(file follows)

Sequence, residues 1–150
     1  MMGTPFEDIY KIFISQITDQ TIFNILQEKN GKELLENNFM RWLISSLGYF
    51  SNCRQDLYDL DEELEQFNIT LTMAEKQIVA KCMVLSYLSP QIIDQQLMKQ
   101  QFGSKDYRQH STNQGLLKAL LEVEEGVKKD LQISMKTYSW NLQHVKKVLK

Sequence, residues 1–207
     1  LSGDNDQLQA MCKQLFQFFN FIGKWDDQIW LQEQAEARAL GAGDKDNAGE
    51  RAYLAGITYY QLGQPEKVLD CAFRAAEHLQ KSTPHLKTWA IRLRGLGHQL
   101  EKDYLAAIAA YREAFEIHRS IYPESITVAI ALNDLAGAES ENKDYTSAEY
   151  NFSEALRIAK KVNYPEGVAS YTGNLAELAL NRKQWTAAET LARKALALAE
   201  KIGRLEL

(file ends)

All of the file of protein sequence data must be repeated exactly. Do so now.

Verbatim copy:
Sequence, residues 1–150
     1  MMGTPFEDIY KIFISQITDQ TIFNILQEKN GKELLENNFM RWLISSLGYF
    51  SNCRQDLYDL DEELEQFNIT LTMAEKQIVA KCMVLSYLSP QIIDQQLMKQ
   101  QFGSKDYRQH STNQGLLKAL LEVEEGVKKD LQISMKTYSW NLQHVKKVLK

Sequence, residues 1–207
     1  LSGDNDQLQA MCKQLFQFFN FIGKWDDQIW LQEQAEARAL GAGDKDNAGE
    51  RAYLAGITYY QLGQPEKVLD CAFRAAEHLQ KSTPHLKTWA IRLRGLGHQL
   101  EKDYLAAIAA YREAFEIHRS IYPESITVAI ALNDLAGAES ENKDYTSAEY
   151  NFSEALRIAK KVNYPEGVAS YTGNLAELAL NRKQWTAAET LARKALALAE
   201  KIGRLEL